To keep myself occupied I’ve been treating the house like a circuit training course. Brush the cat, plump the cushions, put the dishwasher on, make a cuppa, do the jigsaw, empty the dishwasher, go outside and wave to Bruce.
So this is all bonkers, isn’t it? No one could’ve predicted that one minute we’d be traipsing to Morrisons for buns and the next we’re avoiding bumping buns with fellow shoppers who might have the lurgy. Anyone could have it and you wouldn’t know. It’s like blind laser tag but less fun.
Plump the cushions.
Daily walks have become a stealth mission, glancing warily around and lunging into the nearest rose bush every time someone gets too close. Maintaining our British decorum through distanced small talk with the postman, who you wished hadn’t turned up just as you were sneaking out of the house.
Brush the cat.
There’s a shortage of handwash because of the virus. The soap shelf in the supermarket is bare. So are the deodorant, mouthwash and shampoo sections. I can only imagine what’s happening to those people’s hands, but at least they’ll smell nice. Maybe crime will peak after this because no one will have any fingerprints left.
Go outside and wave to Bruce.
As a nation we’ve never been cleaner. And the queues for men’s toilets have never been longer. Pee-and-flee is no more the standard. Wash your hands before and after. Hell, even during. Someone else can hold it for you since they’re going to be washing their hands another 427 times today anyway.
Put the dishwasher on.
Suspicions run high. Do I hear a dry cough? Who is that? Quick, grab a face mask! There’s a shortage of those too, but Dave found one in the garage. It’s a batman mask from our fancy dress party last year. He wore it to go and pick up a prescription from the pharmacy this morning. Needs must, he said. I refused to go with him.
Make a cuppa.
I glance outside and realise the dry cough is actually the sound of Bruce frantically sawing down a tree in his garden.
Go outside and wave to Bruce.
I’ve decided to take the opportunity to read more books. Having scrutinised the bookcase to see what we’ve got, I chose ‘1984’. I know what you’re thinking. But it’s way more worst-case-scenario than what’s happening at the moment, right? Nobody’s going to start hiding in cupboards and writing secret diaries. Not yet. There are no cameras watching us. If they were, they’d be very bored. Despite all that I can’t help but notice similarities between Joe Wicks’ daily TV workout and 1984’s military enforced Physical Jerks. It’s a slippery slope.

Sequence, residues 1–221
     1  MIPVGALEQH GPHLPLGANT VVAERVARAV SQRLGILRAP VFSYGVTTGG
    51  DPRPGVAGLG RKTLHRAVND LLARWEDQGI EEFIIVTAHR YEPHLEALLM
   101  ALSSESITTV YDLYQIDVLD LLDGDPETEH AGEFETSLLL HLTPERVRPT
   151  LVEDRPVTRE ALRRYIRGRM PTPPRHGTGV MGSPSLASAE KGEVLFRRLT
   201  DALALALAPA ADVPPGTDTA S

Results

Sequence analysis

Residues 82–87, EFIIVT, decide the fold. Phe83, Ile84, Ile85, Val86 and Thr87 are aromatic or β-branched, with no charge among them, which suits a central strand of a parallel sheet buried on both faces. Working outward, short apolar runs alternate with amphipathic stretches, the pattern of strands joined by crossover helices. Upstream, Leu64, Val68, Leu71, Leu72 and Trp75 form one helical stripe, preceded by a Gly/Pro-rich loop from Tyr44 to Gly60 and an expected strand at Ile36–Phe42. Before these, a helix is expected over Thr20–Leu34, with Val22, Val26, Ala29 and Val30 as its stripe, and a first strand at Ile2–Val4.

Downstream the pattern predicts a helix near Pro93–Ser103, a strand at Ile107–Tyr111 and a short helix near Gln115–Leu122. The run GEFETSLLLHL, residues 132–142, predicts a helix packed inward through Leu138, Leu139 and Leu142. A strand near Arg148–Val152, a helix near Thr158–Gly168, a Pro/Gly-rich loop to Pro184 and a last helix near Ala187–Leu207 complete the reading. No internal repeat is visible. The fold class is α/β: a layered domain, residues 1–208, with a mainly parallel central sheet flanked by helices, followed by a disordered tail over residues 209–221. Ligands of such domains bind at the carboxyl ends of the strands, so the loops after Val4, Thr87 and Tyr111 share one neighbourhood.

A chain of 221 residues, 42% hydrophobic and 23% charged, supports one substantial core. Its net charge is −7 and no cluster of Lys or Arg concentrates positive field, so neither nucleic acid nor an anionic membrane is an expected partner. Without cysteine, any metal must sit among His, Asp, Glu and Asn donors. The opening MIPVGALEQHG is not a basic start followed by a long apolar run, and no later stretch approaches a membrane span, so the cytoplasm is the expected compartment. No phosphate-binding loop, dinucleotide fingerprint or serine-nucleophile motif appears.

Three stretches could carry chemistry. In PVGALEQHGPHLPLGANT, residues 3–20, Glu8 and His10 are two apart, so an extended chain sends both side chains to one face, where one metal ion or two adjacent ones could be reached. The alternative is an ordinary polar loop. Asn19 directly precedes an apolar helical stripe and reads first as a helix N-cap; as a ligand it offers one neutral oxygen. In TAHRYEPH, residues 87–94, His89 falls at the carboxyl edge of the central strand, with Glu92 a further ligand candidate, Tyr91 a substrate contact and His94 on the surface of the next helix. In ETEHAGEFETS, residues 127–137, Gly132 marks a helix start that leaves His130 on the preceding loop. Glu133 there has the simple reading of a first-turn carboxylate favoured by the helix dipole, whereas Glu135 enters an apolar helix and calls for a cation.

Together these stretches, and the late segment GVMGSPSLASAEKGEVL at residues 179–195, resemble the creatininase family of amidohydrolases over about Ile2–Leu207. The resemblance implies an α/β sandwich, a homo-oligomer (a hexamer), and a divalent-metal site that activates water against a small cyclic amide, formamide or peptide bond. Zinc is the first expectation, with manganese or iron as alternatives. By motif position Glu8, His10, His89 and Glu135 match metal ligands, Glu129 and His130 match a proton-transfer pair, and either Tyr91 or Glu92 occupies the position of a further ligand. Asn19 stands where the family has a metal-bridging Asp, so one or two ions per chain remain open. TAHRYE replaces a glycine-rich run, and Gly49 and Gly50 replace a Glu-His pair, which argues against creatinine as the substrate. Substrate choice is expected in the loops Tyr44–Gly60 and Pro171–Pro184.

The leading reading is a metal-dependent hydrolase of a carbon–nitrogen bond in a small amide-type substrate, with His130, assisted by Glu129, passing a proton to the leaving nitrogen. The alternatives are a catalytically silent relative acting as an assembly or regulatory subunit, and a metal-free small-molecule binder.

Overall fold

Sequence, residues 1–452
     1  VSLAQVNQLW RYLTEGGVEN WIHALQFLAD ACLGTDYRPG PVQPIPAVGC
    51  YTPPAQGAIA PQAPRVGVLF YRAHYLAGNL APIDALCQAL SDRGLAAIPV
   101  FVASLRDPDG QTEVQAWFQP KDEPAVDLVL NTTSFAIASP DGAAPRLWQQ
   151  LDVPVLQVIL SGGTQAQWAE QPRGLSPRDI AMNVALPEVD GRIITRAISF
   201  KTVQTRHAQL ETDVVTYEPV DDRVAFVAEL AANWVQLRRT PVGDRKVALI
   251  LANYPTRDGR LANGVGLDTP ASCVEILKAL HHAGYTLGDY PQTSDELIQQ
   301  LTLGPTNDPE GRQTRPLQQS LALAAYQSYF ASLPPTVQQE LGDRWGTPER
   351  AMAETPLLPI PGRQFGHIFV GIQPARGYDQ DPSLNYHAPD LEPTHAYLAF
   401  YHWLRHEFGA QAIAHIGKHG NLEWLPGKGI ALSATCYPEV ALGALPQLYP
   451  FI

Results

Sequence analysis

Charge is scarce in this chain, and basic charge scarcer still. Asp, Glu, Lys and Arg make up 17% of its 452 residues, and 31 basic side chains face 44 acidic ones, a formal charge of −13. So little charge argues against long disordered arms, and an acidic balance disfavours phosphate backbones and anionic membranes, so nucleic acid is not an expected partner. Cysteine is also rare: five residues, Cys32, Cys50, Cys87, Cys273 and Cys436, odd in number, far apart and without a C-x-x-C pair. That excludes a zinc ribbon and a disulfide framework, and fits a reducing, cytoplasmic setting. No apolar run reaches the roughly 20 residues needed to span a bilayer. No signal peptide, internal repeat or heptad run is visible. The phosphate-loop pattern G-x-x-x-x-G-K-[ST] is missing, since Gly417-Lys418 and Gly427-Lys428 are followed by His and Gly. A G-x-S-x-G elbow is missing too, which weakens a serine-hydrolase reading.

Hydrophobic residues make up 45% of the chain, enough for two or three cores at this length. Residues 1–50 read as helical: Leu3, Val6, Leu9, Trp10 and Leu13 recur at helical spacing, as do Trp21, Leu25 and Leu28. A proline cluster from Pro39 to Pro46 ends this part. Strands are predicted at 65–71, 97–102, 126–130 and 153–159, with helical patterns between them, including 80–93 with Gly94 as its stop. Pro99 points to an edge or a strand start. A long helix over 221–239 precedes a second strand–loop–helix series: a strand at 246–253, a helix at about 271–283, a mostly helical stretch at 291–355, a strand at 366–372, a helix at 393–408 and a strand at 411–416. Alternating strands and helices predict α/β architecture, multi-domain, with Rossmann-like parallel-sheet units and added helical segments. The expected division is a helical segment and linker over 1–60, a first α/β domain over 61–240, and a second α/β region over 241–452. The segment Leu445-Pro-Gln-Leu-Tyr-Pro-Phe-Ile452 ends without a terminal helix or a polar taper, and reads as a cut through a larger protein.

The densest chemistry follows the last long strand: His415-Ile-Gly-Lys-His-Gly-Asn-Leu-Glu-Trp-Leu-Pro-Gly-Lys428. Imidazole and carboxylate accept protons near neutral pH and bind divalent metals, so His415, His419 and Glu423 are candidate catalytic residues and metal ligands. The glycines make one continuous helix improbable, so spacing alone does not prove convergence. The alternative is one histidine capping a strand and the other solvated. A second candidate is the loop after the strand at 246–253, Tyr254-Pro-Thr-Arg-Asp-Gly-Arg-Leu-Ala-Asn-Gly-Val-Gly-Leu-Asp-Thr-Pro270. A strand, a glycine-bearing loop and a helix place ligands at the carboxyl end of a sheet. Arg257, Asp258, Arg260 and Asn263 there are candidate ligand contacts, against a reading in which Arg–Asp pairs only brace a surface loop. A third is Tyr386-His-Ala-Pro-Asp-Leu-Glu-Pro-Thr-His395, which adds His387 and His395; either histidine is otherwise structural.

Apologise for making Bruce fall off the ladder.
Still, exercise programmes are a welcome break from the news. Today the prime minister announced he has the virus. He must feel a little sheepish. All those speeches about keeping your distance and avoiding social contact. Sure, it’s unlikely he got it from the meat aisle in Tesco, but it doesn’t set the best example.
Empty the dishwasher.
While social distancing from some people is quite welcome, I miss my family. As a teenager I hated being greeted by a sloppy, unwarranted kiss from a distant relative who may as well have been a complete stranger, but now it’s all I want. Just a smidgen of human contact. We’re not built to operate alone.
Do the jigsaw.
We did a duck-and-dive grocery shop this morning. Queued outside Morrisons keeping the requisite two-metre distance from the person in front, being careful not to make eye contact with anyone lest they forget themselves and come over for a chat. I put on my best I-AM-NOT-AVAILABLE face. The line went all the way down the street. I fantasised about pushing over the person at the back and setting a domino effect in motion. If everyone around the world did it at the same time, it’d be like one of those mass Mexican waves.
Plump the cat.
As habitual human beings we’re not very good at shopping for ‘essentials’. At first glance we did well – some sausages, tinned fruit, toilet cleaner, Weetabix, milk, eggs and a moist but respectable courgette. So far, so good. The next bag showed signs of wavering – ham, alphabet spaghetti, chewing gum and a large jar of pickled cornichons. In the last bag were seven tins of anchovies, gluten-free naan bread mix and a frisbee.
Remove jigsaw piece from cat.
But at least we’re not hoarders. There’s something about a pandemic that reduces people to mindless, panic-driven robots with one setting: ACCUMULATE. As a result there’s suddenly no baked beans, pasta, rice or toilet roll for anyone else. The logic in this escapes me – firstly, those are not what I would call ‘essential’ provisions, nor will they last forever no matter how much you stockpile. A man interviewed outside Tesco said he was hoarding ‘because everyone else is’. It’s crowd mentality. Mass knobdom. While the prime minister’s being sheepish, the rest are being sheep.
Make a cuppa.
Lots of public services have closed now – hairdressers, beauticians and even dentists – and it’s starting to show. Standards of pride have desperately fallen as people shuffle about with shapeless mounds of hair atop their heads. Roots are back in, as are long plaits, hats and turbans. Eyebrows have expanded to Groucho Marx proportions. Everyone looks like they haven’t seen the sun in years.
Remove cat from dishwasher.
Goodness knows when this madness will end. Maybe this is just the start, the beginning of the curve that will alter our past and fill the stories we tell our grandchildren, in the way our grandparents talked about the war. Or perhaps we’ll be back to softer hands and delighting in those sloppy kisses sooner than we think.
I’m a writer and editor from London. You can find me on Twitter.